Carolingian dynasty


Carolingian dynasty
Family of Frankish aristocrats that ruled nearly all or part of western Europe in 751–987.

Pippin I (d. 640), the dynasty's founder, came to power in the office of mayor of the palace under the Merovingian king Chlotar II, with authority over Austrasia. From this post, his descendants, including Charles Martel, continued to usurp authority from the Merovingians, who remained on the throne as figureheads until 751, when Charles's son Pippin III, with papal support, deposed Childeric III and formally took the title of King of the Franks. Under Pippin's son Charlemagne (Carolus Magnus
the source of the dynasty's name), the Carolingian realm was extended into Germany and Italy, where he conquered the Lombards and continued the alliance with Rome. Charlemagne also promoted religious reform and cultural growth and was crowned emperor by Pope Leo III on Dec. 25, 800. On his death, Charlemagne was succeeded by his son Louis the Pious, whose three sons divided the realm in 843. Despite internal strife and foreign invasion, the dynasty survived until 911 in the eastern part of the realm, where German rulers would revive Carolingian political ideals later in the century, and in the western realm until 987.

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▪ European dynasty
      family of Frankish aristocrats and the dynasty (AD 750–887) that they established to rule western Europe. The name derives from the large number of family members who bore the name Charles, most notably Charlemagne.

      A brief treatment of the Carolingians follows. For full treatment, see France: The Carolingians (France).

      The family came to power as hereditary mayors of the palace of the Frankish kingdom of Austrasia, and, by the time of Pippin II of Herstal (French Héristal), who became mayor of the palace in 679, they had reduced their nominal Merovingian kings to mere figureheads. Indeed, in 687 Pippin II gained effective rule over the entire Frankish realm when he defeated his Neustrian rival, Ebroïn. At his death in 714 Pippin left a legitimate heir, a child of six, and an illegitimate son, Charles Martel. By 725 Charles Martel had established himself as ruler of the Franks, although he maintained the fiction of Merovingian sovereignty until 737, when following the death of Theuderic IV (Theodoric IV) he let the throne remain vacant. Charles Martel died in 741, and his sons Pippin III the Short and Carloman divided the realm between themselves. Upon Carloman's abdication in 747, Pippin III became the sole ruler. His position was so secure that in 750 he deposed the last of the Merovingians, Childeric III, and, with the support of Pope Zacharias (Zacharias, Saint), had himself elected king by an assembly of Frankish nobles and consecrated by a bishop of the Roman church.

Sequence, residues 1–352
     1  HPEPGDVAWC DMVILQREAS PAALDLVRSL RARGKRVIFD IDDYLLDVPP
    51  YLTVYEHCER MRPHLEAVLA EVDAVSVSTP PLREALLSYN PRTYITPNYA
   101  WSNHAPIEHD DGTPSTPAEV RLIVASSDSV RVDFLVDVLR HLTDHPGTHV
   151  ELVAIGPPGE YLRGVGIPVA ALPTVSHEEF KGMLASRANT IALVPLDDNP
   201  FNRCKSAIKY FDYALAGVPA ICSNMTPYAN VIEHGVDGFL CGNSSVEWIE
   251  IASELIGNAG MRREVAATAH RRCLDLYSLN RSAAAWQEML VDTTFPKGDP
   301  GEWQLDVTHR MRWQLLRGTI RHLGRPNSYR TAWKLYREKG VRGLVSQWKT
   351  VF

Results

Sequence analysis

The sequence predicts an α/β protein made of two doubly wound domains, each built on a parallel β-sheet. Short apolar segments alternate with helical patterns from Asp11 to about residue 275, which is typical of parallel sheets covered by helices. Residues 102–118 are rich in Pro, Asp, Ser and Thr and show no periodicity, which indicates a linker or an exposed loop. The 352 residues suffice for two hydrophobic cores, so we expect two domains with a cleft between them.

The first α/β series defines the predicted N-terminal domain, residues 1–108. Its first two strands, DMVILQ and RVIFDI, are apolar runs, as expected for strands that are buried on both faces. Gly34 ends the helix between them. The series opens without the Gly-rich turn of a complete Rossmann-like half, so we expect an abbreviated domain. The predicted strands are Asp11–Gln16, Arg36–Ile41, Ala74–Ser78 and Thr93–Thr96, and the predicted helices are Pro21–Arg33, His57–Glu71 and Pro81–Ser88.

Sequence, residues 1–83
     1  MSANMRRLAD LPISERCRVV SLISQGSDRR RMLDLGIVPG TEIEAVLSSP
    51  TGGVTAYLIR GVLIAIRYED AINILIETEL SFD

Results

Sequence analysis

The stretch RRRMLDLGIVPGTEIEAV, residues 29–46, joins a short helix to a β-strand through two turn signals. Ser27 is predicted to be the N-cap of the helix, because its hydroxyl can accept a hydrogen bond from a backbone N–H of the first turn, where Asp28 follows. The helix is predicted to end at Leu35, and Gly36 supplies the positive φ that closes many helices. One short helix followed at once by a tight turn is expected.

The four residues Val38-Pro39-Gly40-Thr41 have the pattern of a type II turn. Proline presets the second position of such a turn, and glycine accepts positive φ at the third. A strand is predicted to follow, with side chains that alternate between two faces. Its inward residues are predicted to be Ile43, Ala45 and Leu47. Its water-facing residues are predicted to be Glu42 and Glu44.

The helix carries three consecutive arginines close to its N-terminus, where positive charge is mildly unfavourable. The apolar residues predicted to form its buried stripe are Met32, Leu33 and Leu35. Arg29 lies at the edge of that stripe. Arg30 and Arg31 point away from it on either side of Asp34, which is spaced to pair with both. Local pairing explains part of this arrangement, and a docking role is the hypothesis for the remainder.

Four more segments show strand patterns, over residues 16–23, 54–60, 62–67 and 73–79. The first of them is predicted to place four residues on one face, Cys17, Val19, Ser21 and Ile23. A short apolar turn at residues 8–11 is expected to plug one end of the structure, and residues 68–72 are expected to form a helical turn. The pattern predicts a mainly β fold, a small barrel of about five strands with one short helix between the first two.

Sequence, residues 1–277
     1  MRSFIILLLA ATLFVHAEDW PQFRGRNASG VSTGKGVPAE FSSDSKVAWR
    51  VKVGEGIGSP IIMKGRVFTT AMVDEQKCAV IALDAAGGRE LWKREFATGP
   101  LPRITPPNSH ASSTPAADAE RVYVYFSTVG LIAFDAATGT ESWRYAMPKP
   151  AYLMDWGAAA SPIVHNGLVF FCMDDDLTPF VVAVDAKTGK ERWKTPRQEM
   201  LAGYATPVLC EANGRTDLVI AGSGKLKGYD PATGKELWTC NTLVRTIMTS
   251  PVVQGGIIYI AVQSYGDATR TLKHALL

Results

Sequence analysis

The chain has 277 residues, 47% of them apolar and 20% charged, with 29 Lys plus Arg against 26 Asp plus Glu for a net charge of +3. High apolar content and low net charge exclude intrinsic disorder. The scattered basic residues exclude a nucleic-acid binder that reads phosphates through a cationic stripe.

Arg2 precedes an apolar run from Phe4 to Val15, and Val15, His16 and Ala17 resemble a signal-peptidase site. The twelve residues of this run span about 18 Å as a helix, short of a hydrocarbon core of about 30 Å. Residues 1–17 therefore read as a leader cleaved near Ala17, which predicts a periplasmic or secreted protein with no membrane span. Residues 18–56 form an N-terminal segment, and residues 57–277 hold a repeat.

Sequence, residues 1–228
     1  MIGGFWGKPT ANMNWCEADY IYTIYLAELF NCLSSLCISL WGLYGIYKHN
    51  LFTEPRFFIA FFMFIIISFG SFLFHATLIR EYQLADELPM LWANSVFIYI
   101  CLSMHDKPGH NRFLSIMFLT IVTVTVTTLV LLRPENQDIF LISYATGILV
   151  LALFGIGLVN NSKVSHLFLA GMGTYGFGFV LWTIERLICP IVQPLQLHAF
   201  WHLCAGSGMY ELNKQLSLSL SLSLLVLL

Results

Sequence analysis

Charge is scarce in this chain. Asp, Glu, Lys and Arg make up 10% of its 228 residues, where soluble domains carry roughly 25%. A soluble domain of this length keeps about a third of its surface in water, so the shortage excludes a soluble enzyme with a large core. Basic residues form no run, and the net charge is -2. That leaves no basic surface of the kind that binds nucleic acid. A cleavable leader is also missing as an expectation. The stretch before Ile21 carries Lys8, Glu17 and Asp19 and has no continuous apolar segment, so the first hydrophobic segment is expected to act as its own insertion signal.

The realm was again divided on Pippin III's death in 768, but the death three years later of his younger son, Carloman, reunited all the territories in the hands of Pippin's elder son, Charles, who became known as Charlemagne. Charlemagne extended Frankish power by conquest over virtually all of Gaul and into Germany and Italy, and he made tributaries of the Bohemians, Avars, Serbs, Croats, and other peoples of eastern Europe. He formed an alliance with the papacy and in 774 created a papal state in central Italy. On Christmas Day of 800, in the presence of Pope Leo III (Leo III, Saint), he was crowned emperor of the restored Roman Empire. The unity that Charlemagne was able to impose on western Europe, however, fell victim to the ancient Frankish custom of dividing the realm among all a deceased king's sons. On the death of Charlemagne's sole surviving son and successor, Louis (Louis I) the Pious, in 840, three of his sons contested the succession. In the Treaty of Verdun (Verdun, Treaty of) in 843 they agreed to divide the empire into three kingdoms. Francia Occidentalis in the west went to Charles II the Bald, Francia Orientalis in the east went to Louis II the German, and Francia Media, including the Italian provinces and Rome, went to Lothar, who also inherited the title of emperor.

      Subsequent partitions of the three kingdoms, together with the rise of such new powers as the Normans and the Saxons, whittled away at Carolingian authority. The imperial title passed from Lothar to his son Louis II in 855, from Louis II to his uncle Charles the Bald in 875, and, after an interregnum following Charles's death in 877, to Charles III the Fat, the youngest son of Louis the German, in 881. By the time Charles III was deposed in 887, Carolingian power had all but dissolved in the empire, though Carolingian kings returned to power in France in 893/898–923 and 936–987.

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Universalium. 2010.

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